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The inevitable rise and fall of market sectors

Commentary
Article

What goes up, must come down.

stock market sectors

© chaosamran - stock.adobe.com

What goes up, must come down. The dynamics of this principle of physics, elucidated by Sir Isaac Newton in the 17th century, can be applied to the performance fluctuations of stock market sectors.

Consistent with Newton’s universal law of gravitation, elevated stock sectors will eventually fall and depressed ones will rise as investment flows from the played to the promising.

Today, physicists put Newton in the same league as Einstein for discovering the pattern of planets’ revolution around the sun, using nothing more than a small telescope. He determined the planets’ relative positions throughout their elliptical solar orbits, and showed all this with astonishingly accurate math.

Not Science

These orbits never change (at least not since the advent of humankind). By contrast, the order of stock sectors, in terms of performance, definitely does. Precisely when this order will change can’t be accurately predicted because the market isn’t science. But it does have a well-documented history. And though history doesn’t reliably repeat, it often rhymes, and can be used as a guide to what’s likely to happen.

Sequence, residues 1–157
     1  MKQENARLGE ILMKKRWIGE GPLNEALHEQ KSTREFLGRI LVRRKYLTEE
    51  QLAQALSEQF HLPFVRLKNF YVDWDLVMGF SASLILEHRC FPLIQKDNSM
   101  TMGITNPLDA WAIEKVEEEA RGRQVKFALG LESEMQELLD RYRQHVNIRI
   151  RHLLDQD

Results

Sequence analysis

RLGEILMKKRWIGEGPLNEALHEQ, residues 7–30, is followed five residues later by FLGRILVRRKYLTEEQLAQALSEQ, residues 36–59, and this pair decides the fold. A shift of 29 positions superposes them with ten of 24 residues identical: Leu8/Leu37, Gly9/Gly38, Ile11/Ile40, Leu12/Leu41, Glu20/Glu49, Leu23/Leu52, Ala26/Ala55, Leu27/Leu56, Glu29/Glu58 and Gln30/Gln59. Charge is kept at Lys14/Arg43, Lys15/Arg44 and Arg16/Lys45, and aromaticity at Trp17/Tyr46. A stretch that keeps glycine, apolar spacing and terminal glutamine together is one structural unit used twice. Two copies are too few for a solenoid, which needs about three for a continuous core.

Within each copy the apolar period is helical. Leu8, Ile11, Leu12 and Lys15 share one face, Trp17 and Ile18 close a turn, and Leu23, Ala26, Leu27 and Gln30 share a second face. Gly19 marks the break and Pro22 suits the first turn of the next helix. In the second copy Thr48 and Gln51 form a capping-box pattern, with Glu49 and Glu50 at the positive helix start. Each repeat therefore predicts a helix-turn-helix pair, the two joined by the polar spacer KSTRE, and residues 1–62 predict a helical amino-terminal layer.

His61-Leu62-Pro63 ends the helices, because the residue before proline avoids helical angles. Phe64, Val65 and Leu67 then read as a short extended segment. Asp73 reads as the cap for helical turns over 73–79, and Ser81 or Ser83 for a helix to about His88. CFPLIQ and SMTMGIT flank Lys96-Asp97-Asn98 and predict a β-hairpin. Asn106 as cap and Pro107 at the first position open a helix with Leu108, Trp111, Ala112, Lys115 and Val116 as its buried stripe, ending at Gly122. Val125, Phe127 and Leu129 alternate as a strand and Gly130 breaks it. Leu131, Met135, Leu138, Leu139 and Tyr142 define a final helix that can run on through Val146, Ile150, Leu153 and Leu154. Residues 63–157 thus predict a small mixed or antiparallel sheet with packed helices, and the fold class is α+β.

Realignments of sector performance—rotations in their rankings—have historically occurred generally about every one to three years according to Omar Aguilar at Schwab Asset Management. Any chance of a sector rotation in 2022 was rendered moot by the bear market, in which pretty much everything fell. So the odds of a sector rotation in 2024 are pretty good.

Sector rotation will mean the broadening of performance — sectors in the S&P 500 index of large-company stocks doing better. That index was up over 20% year to date as of early December, after one of the market’s best months in decades.

The performance of the S&P 500 has been driven by the same huge tech companies propelling the tech-heavy Nasdaq 100 index, up over 45% year to date as of early December.

These tech behemoths are known as the Magnificent Seven, after the 1960 Western. They are: Meta (formerly known as Facebook), Alphabet (formerly Google), red-hot semiconductor company Nvidia, Tesla, Microsoft, Amazon and Apple. (The group’s moniker may be a bit vainglorious, as if Elon Musk of Tesla or his rival for nerdy machismo, Mark Zuckerberg of Meta, had the charisma of Steve McQueen or Yul Brynner.)